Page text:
VUSD Superintendent accused of bigotry


Junior Aidan Moran said of his own thoughts on Creswell’s comments on LGBTQI+ youth: “Even though he said some things that I may not agree with, I have talked with Superintendent Creswell numerous times and have never felt as if he was discriminatory, in fact he was quite the opposite.” Photo by: Sam Hicks

Garrett Jaffe, Miles Bennett, and Sam Hicks

On Feb. 21 2016, the current Superintendent of the Ventura Unified School District, David Creswell, appeared at the Redeemer Baptist Church in Riverside California to deliver a sermon as a guest pastor. During his sermon, Creswell made comments that many consider insensitive, homophobic and transphobic.

On Aug. 1, 2017, Creswell accepted the position of superintendent, only recently, during the week of Nov. 12, 2018 did Creswell’s comments come to light.

In his sermon, Creswell recalls looking through a yearbook of an unspecified high school’s Senior Superlative Awards Section. Upon seeing the “Best Couple” page, which had two “cute girls embracing” he commented, “Oh boy. Here we go. Here’s our world.”

Creswell then flipped to the page titled “Most Changed” which featured a transgender girl holding up a picture of her from her freshman year before she had transitioned. After referring to the transgender girl as a “young man,” Cresswell stated, “This is the definition of most changed? This is the definition?… There’s a growing sector of our culture, of our society, that says that’s good and normal, and not only do we embrace it, we’re now celebrating it.” He then scoffed and said, “That’s not my definition.”

In response to the sermon, VUSD School Board Trustee Mary Haffner called a special board meeting, in which, the agenda dictated that the board enter a closed session to discuss “Public Employee Discipline/Dismissal/Release.” During this closed session, Cresswell popped out of his office and stated that he was “happy to meet with” those who had any questions about the event. Despite this statement, he refused to make any comment to The Foothill Dragon Press, Foothill High School’s student press.

A few days after Creswell began to receive backlash for his comments, he had a meeting with VHS chemistry teacher Karen Reynosa as well as VHS guidance counselor Teri Dath in order to discuss the contents of his sermon. About the meeting, Reynosa said this: “[Superintendent Creswell] asked Ms. Dath and I if we would come over to his house and just talk to him about what he had said in his sermon… He wanted to apologize… That’s how we started– him apologizing for what he said.” Reynosa also said that the meeting was “pretty emotional” and, to her, Creswell’s words seemed “warm” and “heartfelt.”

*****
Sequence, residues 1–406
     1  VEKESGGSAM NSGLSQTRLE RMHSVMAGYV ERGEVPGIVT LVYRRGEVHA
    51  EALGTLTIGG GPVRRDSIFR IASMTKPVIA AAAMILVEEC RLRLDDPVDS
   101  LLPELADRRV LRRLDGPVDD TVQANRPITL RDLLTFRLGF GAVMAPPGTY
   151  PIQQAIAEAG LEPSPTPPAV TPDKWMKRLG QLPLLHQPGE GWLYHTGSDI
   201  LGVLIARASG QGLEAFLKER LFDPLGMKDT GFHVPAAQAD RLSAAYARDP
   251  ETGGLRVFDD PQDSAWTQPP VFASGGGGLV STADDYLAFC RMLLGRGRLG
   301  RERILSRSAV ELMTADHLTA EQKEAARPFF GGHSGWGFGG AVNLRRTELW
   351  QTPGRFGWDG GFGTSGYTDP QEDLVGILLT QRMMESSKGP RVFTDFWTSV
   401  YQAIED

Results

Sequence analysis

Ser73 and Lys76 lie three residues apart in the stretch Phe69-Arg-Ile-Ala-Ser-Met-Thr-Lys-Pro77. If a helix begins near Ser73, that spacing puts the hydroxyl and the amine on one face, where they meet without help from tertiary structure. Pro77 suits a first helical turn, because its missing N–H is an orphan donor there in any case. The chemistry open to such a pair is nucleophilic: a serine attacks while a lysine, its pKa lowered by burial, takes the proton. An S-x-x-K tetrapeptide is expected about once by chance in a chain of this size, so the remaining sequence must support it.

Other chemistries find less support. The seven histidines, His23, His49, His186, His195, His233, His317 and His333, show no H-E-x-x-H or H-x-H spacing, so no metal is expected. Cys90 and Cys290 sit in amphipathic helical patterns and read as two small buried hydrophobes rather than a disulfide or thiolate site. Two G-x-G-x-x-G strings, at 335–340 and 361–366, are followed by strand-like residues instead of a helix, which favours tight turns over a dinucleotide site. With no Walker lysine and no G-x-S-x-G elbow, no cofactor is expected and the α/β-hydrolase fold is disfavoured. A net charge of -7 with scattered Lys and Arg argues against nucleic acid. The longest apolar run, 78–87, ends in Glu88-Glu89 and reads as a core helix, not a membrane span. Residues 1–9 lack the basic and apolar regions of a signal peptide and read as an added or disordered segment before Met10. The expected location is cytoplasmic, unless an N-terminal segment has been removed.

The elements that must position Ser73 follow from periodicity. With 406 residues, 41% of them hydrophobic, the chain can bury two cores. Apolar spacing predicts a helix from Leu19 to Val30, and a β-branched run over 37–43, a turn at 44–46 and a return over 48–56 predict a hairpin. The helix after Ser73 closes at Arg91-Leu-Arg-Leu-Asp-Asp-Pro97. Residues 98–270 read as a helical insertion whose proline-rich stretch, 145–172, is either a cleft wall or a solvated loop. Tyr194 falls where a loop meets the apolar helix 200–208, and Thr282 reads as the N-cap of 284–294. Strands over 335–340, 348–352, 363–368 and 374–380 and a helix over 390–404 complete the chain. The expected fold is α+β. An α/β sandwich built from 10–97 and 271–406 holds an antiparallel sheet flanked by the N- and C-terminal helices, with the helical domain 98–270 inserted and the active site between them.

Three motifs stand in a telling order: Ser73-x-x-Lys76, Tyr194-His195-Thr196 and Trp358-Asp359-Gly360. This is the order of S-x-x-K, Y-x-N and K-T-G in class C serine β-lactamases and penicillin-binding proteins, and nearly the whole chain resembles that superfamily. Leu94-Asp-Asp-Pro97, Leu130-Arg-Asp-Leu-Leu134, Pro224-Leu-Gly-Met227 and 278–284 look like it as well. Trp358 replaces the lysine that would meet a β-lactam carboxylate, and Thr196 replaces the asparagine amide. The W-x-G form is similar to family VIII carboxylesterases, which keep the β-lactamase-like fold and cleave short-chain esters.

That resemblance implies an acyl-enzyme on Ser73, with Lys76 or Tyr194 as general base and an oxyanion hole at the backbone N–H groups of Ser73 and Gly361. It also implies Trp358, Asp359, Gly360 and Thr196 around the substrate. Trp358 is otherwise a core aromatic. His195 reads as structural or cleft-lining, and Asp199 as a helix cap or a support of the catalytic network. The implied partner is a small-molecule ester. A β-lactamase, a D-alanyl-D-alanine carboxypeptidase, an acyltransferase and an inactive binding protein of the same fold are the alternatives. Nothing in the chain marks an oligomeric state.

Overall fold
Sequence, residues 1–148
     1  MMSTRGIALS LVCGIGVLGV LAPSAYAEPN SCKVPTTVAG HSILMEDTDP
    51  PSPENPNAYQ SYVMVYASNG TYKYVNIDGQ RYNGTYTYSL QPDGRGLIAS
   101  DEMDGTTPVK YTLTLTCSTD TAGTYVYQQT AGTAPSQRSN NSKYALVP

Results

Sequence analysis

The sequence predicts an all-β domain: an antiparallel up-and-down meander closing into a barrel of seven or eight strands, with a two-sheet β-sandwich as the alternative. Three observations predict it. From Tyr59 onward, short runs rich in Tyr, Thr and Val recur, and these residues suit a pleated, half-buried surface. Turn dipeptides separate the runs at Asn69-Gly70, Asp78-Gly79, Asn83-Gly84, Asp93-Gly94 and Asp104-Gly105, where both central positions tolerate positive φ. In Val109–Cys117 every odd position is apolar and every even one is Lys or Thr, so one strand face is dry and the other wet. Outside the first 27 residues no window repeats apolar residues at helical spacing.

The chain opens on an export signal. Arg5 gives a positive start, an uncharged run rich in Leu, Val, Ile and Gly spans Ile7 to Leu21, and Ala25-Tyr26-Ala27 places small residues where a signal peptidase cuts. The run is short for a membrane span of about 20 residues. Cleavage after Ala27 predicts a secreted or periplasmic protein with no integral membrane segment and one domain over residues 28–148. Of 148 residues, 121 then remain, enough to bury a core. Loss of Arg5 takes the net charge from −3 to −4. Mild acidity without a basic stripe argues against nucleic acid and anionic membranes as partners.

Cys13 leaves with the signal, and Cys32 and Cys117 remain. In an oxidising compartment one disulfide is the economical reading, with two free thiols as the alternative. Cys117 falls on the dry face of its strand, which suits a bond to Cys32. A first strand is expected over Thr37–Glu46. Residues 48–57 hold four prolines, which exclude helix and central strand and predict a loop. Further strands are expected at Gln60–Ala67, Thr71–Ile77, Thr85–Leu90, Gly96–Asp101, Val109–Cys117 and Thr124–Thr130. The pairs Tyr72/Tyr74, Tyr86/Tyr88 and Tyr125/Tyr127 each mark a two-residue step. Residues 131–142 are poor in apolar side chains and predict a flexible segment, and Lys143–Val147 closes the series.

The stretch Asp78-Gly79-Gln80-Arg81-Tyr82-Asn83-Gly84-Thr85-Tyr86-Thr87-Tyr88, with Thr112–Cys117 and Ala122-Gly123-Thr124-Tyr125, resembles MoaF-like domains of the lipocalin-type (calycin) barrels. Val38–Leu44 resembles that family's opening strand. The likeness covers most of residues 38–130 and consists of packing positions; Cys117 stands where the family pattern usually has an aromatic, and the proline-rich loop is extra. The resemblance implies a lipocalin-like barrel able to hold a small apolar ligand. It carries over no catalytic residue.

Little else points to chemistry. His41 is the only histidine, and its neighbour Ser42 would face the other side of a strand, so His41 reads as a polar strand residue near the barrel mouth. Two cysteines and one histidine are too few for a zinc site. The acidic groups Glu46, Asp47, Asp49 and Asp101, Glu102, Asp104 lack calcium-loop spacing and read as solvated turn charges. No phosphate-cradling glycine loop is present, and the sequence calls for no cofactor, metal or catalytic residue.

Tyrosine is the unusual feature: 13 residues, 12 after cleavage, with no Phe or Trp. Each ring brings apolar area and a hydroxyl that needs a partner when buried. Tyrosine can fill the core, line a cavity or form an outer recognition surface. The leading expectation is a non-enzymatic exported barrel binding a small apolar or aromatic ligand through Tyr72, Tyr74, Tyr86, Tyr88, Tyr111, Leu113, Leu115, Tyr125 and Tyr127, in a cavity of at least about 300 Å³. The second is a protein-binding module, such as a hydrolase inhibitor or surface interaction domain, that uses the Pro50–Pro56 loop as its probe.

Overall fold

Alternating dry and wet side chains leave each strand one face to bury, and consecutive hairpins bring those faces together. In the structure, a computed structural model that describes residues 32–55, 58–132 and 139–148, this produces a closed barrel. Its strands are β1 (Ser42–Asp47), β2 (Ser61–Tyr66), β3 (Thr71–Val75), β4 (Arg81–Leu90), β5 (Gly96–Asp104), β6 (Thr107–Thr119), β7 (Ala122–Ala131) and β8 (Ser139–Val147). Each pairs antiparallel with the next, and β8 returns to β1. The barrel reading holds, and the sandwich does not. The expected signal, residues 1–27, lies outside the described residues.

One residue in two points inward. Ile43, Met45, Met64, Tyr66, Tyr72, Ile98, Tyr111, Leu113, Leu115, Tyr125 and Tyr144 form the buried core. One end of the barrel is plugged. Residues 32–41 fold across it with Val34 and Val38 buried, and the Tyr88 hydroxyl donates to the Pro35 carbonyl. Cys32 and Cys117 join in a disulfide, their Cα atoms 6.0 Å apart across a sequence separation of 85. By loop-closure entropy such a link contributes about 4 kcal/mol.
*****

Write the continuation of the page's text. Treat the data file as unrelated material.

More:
About her views on the controversy as a whole, Reynosa added that, since she came out as gay as an adult, she “doesn’t really know what it would feel like if [she] had been a [queer] student who heard [the sermon],” but she assumes that she “wouldn’t be very happy or feel safe at all [at school].”

Creswell sent a formal apology via email concerning the comments and examples he used in his sermon to Ventura Unified Staff, which has since been made public. In the email, Creswell states that “[he] deeply regret[s] using that example, and I want to publicly apologize for it. I am sorry for the words, the insensitivity, the pain and the hurt it is causing. I have asked the [Redeemer Baptist] church in Riverside to remove the recording from their website.” The recording has since been removed from both the church’s website and SoundCloud account.

Within his formal apology, Creswell addressed his own shifting beliefs and internal dilemmas, stating: “I have been wrestling and reflecting with what there is in me that allowed me to say those words or to think it was ok at the time. I am not a hater, a homophobe, or a person with a hidden agenda. In 30-plus years of school service, and specifically the last year and a half of service here in Ventura, no one will find any other words or actions that reflect a homophobic position, because there are none to find. I have been, and will remain, committed to the value of every human being, and to a safe and healthy place for every student and staff member in the school district. And yet in that two-minute clip I was not.”

Beyond his controversial remarks in regards to gay and transgender youth made in his sermon, Creswell, who the VC Star has said has “a passion for education, human rights,” also offered his own solution and opinion by saying in his sermon, “If it were up to me, it would say most changed at the top and there would be a picture of a nondescript senior boy or girl, and the caption beneath would say something like, “this student started the year a rebel, with an eternity guaranteed in hell, but right around first semester, Christ arrested this person’s very soul and changed their character and their nature so that they now have a life that’s more abundant and in fact, an eternity that’s guaranteed in the presence of God.’”

When asked what he thinks about Creswell’s comments, junior Robert Quinn responded, “As an atheist, I wholeheartedly disagree with what he is saying. I think religion has no place in our schooling system. If his beliefs [are reflected] in his job as superintendent, then he has no business as the superintendent, but if he keeps his beliefs to himself, then he is fine. If he apologizes legitimately then he should be able to keep his job, being as we have already been burning through superintendents. His right to his beliefs is not trumped by anyone else’s. After all, a government employee should be given freedom of speech.”